Within a few days they were able to obtain a city lot of one and one fourth acres in the Eleventh Ward and built a one room adobe structure before winter set in. They began to adapt themselves to their new conditions. In the spring Thomas and his boys planted a garden on their city lot. Even though it was newly broken prairie land and without a fence they succeeded in raising a good supply of early vegetables and with the scanty amount of flour they had brought with them were able to get along very nicely until the harvest in the fall. In the spring of 1851 Thomas purchased a 40 acre farm near the mouth of Settlement Canyon in Tooele Valley – and commenced to build a home. Later he and his sons constructed another home in a fort built to protect the settlers from the Indians. In 1853 a city plot was surveyed about a half mile north of the fort and homes were built and Tooele City became a permanent settlement. Lots were purchased near each other by the father and his two sons. Their daughter who had married when they lived in Salt Lake also made her home in Tooele. As Thomas was a carpenter he helped build many buildings in Tooele. His son, George, was his able assistant in his building projects which included the first church in Tooele. Thomas also helped beautify the settlement with lots of trees and flowers.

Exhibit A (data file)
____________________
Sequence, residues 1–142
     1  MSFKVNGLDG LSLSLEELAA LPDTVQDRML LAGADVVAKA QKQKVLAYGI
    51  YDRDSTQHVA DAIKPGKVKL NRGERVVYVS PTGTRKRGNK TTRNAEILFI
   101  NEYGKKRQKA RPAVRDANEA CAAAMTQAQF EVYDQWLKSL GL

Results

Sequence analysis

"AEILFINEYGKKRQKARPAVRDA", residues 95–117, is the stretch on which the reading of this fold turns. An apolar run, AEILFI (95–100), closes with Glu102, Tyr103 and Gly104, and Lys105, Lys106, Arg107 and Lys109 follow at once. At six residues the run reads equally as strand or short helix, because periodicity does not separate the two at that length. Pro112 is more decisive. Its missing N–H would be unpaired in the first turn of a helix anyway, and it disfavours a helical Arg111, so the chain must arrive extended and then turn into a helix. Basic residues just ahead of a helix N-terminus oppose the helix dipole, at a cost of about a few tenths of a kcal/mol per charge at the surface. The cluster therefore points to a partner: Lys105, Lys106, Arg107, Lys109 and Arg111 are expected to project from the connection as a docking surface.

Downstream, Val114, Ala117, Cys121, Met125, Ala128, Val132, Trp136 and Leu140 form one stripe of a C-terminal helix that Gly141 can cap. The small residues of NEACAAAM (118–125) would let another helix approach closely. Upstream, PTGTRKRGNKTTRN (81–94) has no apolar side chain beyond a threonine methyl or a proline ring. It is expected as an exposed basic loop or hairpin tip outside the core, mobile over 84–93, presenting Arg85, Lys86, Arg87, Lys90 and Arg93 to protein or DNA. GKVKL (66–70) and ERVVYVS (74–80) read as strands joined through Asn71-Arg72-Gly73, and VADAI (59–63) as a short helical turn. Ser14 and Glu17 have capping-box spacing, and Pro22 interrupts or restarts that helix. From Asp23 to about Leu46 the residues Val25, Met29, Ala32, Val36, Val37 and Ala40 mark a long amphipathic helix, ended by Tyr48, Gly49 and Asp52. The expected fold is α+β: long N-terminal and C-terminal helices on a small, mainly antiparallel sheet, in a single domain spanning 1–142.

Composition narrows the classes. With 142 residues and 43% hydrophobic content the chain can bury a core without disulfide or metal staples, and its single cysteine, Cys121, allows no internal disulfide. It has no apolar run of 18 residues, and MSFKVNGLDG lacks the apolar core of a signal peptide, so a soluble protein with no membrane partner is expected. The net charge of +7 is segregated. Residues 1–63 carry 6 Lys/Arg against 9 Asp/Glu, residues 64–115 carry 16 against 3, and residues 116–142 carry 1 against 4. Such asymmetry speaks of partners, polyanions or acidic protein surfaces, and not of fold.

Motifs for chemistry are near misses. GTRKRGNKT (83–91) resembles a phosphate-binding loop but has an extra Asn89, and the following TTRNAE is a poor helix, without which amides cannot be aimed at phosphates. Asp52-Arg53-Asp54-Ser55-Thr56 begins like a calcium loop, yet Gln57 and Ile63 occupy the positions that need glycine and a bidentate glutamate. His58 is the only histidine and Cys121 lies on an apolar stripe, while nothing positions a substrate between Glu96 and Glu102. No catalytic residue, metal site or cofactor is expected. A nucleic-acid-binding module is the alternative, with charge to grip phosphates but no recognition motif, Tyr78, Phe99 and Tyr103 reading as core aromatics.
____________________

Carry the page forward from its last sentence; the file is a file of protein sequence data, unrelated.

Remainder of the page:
Thomas was a religious man and when Eli B. Kelsey was appointed as bishop after Bishop John Rowberry, he was chosen as his first counselor. He also served a mission to England from 1860 to 1863. Thomas was a kindly man but had a stern disposition. He had a mind of his own and knew how to use it. In addition to being a carpenter and builder, he raised live stock and farmed.

After his wife’s death in 1882 he married her widowed sister, Hannah Morley Thompson. Thomas died December 16, 1888 in Tooele and is buried in the Tooele City Cemetery.